What’s so special about 1972? That’s the very beginning of coeducation, which boosted the chances of Williams-Williams pairings. There are at least two pre-1972 married couples we know of, however. In 1953, Williamstown native Martha Winch took a job at the Williams library, enrolled in some courses and met her husband-to-be, Anil Asher ’55. Martha, who passed away this past March, finished with the Class of ’72. But she always considered 1955 her graduating class. Meanwhile, Kathie Mills was attending Vassar when she met and married her husband, Charlie Berry ’57, their junior year. She finished her coursework at Williams and received a degree retroactively in 1975. But she and Charlie are both ’57, through and through.
An extensive network of tunnels beneath campus was originally designed for pedestrian use—possibly to allow clandestine movement during wartime or to protect people from the elements.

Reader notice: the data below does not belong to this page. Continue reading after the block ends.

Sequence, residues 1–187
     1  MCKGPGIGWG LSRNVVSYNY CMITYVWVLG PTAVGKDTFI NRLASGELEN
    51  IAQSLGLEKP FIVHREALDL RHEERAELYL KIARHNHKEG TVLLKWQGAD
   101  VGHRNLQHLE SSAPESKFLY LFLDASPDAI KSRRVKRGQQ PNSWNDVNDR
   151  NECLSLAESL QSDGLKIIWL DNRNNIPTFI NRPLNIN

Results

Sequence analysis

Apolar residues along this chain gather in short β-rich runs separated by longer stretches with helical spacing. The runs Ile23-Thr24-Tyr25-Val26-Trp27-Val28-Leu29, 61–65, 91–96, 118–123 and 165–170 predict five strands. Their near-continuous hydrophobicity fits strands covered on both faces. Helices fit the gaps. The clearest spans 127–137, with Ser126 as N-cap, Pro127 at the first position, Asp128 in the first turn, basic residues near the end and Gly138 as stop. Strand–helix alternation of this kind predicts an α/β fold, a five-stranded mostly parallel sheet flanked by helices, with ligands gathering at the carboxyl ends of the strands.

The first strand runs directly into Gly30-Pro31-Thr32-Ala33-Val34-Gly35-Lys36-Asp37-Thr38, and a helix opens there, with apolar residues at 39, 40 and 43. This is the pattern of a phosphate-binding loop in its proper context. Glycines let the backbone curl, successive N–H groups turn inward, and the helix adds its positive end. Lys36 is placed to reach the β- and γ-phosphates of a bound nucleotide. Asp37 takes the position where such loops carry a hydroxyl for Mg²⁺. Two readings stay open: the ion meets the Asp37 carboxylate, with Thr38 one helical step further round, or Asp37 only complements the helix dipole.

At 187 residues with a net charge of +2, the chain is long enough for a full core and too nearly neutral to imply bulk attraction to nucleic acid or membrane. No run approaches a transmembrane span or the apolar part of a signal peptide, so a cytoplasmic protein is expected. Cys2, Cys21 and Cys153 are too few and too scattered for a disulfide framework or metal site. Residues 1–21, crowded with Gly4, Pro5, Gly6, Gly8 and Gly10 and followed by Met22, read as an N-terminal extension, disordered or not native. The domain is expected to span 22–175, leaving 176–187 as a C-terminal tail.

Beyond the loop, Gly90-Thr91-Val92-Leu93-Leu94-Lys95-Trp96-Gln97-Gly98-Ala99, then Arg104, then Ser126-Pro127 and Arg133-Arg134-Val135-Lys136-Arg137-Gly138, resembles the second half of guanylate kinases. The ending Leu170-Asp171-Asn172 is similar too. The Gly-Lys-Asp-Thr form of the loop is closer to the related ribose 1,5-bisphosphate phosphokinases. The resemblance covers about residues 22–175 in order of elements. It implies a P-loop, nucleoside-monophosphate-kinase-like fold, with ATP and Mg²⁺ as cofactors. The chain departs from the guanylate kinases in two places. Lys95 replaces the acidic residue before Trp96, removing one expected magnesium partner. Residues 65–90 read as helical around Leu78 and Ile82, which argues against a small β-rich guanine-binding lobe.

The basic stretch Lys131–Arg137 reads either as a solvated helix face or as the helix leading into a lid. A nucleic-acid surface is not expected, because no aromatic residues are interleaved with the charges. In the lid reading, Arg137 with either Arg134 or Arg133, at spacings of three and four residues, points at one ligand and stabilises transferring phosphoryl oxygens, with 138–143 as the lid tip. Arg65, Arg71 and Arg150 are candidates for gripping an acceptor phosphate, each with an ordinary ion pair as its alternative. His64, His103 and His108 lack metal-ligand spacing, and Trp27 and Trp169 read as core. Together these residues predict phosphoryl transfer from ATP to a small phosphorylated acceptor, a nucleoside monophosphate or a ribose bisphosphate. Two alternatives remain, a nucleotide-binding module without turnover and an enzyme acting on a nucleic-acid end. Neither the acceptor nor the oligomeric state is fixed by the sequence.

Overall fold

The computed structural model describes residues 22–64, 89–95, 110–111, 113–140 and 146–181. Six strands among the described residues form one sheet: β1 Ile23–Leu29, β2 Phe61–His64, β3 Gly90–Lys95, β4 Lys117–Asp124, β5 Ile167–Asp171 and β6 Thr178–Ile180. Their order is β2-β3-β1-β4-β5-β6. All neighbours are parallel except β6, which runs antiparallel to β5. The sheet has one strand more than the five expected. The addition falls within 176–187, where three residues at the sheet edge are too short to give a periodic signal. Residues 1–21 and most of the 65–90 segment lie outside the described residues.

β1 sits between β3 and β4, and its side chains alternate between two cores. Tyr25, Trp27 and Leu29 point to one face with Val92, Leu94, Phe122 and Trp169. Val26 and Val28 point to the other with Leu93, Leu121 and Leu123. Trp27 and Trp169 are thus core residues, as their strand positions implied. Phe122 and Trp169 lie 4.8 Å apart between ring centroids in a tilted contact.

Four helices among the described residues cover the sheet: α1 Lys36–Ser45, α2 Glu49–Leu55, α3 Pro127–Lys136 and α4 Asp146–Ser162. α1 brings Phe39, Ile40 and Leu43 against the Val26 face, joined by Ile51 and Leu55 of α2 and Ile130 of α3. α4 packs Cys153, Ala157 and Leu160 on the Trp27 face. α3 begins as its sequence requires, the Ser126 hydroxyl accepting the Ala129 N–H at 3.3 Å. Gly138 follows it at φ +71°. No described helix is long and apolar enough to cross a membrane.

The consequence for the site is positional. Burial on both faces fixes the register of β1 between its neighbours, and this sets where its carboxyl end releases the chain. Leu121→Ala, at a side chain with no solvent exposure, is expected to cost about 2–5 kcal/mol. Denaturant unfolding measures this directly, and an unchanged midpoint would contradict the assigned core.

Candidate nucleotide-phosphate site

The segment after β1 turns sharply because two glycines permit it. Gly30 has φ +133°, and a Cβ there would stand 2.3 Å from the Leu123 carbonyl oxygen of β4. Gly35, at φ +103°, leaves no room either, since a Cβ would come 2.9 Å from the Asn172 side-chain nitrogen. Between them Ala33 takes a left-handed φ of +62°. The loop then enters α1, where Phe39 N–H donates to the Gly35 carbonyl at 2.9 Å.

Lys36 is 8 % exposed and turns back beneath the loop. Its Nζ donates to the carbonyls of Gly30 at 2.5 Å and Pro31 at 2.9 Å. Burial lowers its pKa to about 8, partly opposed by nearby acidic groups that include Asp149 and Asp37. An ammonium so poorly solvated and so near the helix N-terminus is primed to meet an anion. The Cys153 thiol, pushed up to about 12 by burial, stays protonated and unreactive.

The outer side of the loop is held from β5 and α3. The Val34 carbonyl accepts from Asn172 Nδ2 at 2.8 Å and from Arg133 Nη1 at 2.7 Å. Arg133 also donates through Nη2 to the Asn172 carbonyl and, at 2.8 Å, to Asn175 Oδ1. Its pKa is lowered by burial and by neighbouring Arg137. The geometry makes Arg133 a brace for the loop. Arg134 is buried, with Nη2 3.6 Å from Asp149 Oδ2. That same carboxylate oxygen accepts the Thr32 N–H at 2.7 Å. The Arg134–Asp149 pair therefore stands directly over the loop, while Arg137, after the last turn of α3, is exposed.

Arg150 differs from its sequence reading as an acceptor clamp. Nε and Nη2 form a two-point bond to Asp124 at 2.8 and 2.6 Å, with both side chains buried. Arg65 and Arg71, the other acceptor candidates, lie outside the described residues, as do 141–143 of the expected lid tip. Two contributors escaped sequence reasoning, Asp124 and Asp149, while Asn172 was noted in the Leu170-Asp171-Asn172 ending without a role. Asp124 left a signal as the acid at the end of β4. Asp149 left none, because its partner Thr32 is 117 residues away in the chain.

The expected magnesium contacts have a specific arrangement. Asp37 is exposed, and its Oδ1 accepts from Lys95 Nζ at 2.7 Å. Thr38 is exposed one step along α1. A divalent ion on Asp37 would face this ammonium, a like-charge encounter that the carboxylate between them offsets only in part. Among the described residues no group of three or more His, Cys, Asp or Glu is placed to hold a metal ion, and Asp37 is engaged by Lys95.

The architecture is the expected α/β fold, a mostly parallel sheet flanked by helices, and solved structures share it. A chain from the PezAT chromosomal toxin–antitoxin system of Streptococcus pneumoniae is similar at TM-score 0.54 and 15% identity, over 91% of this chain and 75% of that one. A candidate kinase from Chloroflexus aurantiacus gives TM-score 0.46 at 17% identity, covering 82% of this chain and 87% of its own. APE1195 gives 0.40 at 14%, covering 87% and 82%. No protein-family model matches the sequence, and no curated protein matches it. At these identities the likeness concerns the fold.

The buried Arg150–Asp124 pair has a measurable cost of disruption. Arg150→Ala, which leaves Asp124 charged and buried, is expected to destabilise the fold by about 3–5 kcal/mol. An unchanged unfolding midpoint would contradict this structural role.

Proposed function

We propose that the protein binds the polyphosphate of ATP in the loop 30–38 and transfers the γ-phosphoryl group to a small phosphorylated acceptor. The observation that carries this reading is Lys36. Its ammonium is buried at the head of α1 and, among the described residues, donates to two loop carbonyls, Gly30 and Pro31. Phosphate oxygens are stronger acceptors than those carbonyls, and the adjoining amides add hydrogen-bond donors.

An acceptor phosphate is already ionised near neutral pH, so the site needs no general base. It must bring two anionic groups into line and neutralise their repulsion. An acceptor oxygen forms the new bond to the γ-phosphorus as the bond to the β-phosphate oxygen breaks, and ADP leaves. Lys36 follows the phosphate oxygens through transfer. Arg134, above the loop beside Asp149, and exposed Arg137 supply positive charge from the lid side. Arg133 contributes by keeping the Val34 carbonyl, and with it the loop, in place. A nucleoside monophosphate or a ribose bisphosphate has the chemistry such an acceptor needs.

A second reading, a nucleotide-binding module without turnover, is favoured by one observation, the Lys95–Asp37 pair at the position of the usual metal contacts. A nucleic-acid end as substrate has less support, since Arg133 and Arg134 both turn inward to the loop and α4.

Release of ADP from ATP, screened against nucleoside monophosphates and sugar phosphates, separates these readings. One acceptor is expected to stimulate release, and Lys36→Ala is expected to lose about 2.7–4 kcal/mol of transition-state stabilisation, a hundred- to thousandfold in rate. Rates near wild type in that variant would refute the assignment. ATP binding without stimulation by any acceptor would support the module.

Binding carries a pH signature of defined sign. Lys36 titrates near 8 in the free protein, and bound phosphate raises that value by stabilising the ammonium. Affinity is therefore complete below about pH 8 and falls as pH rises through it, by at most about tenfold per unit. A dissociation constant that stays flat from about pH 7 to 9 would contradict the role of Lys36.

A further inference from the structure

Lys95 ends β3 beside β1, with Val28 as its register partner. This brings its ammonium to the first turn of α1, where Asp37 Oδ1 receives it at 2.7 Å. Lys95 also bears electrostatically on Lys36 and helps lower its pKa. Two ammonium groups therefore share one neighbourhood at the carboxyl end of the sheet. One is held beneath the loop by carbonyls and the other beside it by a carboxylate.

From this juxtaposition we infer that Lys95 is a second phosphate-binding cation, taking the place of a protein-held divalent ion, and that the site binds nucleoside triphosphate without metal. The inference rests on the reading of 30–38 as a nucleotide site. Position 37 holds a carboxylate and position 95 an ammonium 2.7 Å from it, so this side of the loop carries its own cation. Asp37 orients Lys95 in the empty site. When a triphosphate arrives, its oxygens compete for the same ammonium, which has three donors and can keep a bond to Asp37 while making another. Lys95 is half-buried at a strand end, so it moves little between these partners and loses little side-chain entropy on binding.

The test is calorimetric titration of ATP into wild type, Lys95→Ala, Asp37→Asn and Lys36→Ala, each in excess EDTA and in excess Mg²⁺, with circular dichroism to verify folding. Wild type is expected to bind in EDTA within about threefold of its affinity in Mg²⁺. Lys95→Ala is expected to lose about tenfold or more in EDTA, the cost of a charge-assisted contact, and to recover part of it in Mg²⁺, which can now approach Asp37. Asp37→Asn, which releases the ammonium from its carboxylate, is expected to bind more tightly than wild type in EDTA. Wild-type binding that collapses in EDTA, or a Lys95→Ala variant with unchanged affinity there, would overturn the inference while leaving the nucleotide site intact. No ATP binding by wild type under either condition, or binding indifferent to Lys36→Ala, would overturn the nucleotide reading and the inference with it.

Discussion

FALSE: There’s no evidence that the tunnels, which deliver high-pressure steam and electrical power from the co-generation heating plant on Latham Street to college buildings, were ever meant to be used by students, faculty or staff to move around campus.
That’s not to say people don’t go underground. Facilities staff often walk the tunnels to make sure nothing is leaking and the lights are working. And Ian Nesbitt ’13 made an authorized trip—accompanied by facilities staff and only after receiving confined-space safety training—to map the tunnels and direct-burial steam pipes for a sophomore-year research project. Motion sensors and silent alarms make it much more difficult these days, but “tunneling” was a rite of passage for generations of students.